Another historical fiction novel for you this week, this time Rebecca Stott’s The Coral Thief. Set in Paris in 1815, just after the expulsion of Bonaparte but before the status quo had been restored, it follows the adventures of a highly ambitious medical student named Daniel Conner as he undertakes a placement in the Jardin des Plantes. Unfortunately for him, as he is about to enter Paris, he encounters the stunning and mysterious Lucienne Bernard, who steals the letters of note and rare fossils he is carrying to ensure his entrance into the Jardin goes well. Unable to take up his placement until he has recovered the stolen artefacts, he is quickly consumed by the underworld of Paris.
Above everything else this is the coming-of-age story of a late-blooming young man, whose world is turned upside down by the still-lingering philosophical developments of Revolutionary-era Paris. It is portrayed in a neat and charming style,though some of the philosophical discussions, while necessary to illustrate the protagonist’s changing mindset, are a bit too transparently dropped in. Similarly, Stott has obviously researched long and hard, and occasionally the historical facts are too close to the surface and feels like it’s interfering with the story. The pacing, on the other hand, is great, and ratchets up to a really gripping climax. I couldn’t put it down for the last hundred-or-so pages and found the epilogue particularly satisfying.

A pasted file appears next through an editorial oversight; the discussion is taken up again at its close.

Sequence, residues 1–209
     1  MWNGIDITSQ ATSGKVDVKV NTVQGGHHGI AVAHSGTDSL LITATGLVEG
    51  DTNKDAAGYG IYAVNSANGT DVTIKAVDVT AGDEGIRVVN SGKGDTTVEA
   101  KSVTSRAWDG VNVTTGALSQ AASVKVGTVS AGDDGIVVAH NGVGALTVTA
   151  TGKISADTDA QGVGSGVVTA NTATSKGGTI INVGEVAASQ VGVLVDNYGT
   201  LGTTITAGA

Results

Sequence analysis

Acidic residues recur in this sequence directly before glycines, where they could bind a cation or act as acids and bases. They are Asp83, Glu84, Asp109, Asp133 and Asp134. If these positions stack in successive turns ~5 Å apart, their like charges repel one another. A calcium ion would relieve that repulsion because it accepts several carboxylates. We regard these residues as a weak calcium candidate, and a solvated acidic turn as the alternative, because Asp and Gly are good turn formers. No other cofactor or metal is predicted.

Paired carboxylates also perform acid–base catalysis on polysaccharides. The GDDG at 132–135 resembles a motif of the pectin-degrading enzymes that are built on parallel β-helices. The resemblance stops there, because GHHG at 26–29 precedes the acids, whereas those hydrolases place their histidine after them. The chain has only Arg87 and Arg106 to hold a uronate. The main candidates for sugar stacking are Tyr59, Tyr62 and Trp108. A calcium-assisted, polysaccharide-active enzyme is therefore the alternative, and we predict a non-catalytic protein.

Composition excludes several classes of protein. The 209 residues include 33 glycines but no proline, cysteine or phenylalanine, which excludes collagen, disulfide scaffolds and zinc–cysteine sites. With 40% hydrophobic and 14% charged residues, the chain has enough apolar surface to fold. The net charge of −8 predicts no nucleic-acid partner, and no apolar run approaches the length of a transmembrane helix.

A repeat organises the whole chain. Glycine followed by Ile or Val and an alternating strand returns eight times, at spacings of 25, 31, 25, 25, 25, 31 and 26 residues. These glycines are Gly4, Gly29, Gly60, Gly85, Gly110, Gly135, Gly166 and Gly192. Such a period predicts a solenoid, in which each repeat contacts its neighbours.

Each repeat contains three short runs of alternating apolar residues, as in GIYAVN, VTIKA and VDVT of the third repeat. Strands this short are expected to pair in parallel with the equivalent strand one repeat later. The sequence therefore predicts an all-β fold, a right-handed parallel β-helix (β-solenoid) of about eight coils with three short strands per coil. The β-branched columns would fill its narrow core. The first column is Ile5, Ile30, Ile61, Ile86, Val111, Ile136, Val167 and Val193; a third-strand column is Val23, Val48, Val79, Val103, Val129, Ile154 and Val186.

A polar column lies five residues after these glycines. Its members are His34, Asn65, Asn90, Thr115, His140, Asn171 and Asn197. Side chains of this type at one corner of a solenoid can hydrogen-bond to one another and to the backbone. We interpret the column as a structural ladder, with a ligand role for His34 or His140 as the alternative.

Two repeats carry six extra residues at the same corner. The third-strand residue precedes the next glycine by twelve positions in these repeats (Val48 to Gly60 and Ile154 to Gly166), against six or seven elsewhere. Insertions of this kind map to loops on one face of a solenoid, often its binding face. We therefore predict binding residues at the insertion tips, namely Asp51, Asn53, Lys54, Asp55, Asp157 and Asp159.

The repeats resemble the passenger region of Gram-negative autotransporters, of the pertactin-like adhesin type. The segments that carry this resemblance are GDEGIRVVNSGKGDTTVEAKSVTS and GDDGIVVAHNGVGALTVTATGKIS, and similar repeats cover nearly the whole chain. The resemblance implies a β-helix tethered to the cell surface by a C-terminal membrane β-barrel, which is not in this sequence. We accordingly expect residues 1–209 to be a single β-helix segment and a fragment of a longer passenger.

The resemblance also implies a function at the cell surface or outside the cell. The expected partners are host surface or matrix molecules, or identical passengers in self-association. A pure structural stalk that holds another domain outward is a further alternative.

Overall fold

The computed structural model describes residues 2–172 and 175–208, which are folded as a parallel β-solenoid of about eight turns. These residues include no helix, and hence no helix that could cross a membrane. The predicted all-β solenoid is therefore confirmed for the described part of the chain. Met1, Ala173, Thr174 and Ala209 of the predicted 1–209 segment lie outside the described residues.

While the book evokes the spirit and vigour of post-Revolution Era Paris, it is significant that in writing this review I could not remember a single character’s name beyond the elusive Lucienne Bernard, whose character is the pivot for the whole book. It is like watching the story of someone else’s life unfolding through the eyes of the slightly spineless protagonist, Daniel Conner. Whether or not this is intentional, it makes for a realistic portrayal of that kind of young love where the other person is everything.
The Coral Thief is good, solid bedtime reading for fans of historical fiction, and definitely gripping enough to keep you page-turning!